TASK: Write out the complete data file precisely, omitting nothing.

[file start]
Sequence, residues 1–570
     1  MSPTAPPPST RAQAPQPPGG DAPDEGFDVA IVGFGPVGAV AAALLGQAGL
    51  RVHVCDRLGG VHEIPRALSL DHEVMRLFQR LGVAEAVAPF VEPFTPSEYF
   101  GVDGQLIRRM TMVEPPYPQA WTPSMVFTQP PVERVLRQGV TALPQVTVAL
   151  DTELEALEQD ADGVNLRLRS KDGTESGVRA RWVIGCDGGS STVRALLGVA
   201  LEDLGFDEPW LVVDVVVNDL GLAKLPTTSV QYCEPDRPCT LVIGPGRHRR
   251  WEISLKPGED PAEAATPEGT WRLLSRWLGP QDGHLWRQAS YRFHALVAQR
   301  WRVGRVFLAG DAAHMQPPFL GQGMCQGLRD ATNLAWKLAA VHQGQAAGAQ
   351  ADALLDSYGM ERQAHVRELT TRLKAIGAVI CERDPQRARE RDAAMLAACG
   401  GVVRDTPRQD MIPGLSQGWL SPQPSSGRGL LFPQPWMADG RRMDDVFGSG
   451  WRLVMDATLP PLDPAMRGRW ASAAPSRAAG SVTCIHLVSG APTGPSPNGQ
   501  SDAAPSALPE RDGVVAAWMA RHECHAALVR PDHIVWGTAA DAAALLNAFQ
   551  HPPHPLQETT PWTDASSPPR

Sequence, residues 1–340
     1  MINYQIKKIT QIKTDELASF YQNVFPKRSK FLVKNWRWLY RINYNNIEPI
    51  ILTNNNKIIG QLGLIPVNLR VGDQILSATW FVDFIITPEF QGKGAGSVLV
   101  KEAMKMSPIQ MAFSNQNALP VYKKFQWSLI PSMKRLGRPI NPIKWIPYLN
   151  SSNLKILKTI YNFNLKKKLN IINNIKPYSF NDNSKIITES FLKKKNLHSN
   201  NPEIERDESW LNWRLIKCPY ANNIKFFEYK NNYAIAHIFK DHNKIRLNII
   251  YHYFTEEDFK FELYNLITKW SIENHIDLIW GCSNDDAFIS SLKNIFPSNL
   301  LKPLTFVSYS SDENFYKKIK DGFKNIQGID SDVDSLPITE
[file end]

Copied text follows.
Sequence, residues 1–570
     1  MSPTAPPPST RAQAPQPPGG DAPDEGFDVA IVGFGPVGAV AAALLGQAGL
    51  RVHVCDRLGG VHEIPRALSL DHEVMRLFQR LGVAEAVAPF VEPFTPSEYF
   101  GVDGQLIRRM TMVEPPYPQA WTPSMVFTQP PVERVLRQGV TALPQVTVAL
   151  DTELEALEQD ADGVNLRLRS KDGTESGVRA RWVIGCDGGS STVRALLGVA
   201  LEDLGFDEPW LVVDVVVNDL GLAKLPTTSV QYCEPDRPCT LVIGPGRHRR
   251  WEISLKPGED PAEAATPEGT WRLLSRWLGP QDGHLWRQAS YRFHALVAQR
   301  WRVGRVFLAG DAAHMQPPFL GQGMCQGLRD ATNLAWKLAA VHQGQAAGAQ
   351  ADALLDSYGM ERQAHVRELT TRLKAIGAVI CERDPQRARE RDAAMLAACG
   401  GVVRDTPRQD MIPGLSQGWL SPQPSSGRGL LFPQPWMADG RRMDDVFGSG
   451  WRLVMDATLP PLDPAMRGRW ASAAPSRAAG SVTCIHLVSG APTGPSPNGQ
   501  SDAAPSALPE RDGVVAAWMA RHECHAALVR PDHIVWGTAA DAAALLNAFQ
   551  HPPHPLQETT PWTDASSPPR

Sequence, residues 1–340
     1  MINYQIKKIT QIKTDELASF YQNVFPKRSK FLVKNWRWLY RINYNNIEPI
    51  ILTNNNKIIG QLGLIPVNLR VGDQILSATW FVDFIITPEF QGKGAGSVLV
   101  KEAMKMSPIQ MAFSNQNALP VYKKFQWSLI PSMKRLGRPI NPIKWIPYLN
   151  SSNLKILKTI YNFNLKKKLN IINNIKPYSF NDNSKIITES FLKKKNLHSN
   201  NPEIERDESW LNWRLIKCPY ANNIKFFEYK NNYAIAHIFK DHNKIRLNII
   251  YHYFTEEDFK FELYNLITKW SIENHIDLIW GCSNDDAFIS SLKNIFPSNL
   301  LKPLTFVSYS SDENFYKKIK DGFKNIQGID SDVDSLPITE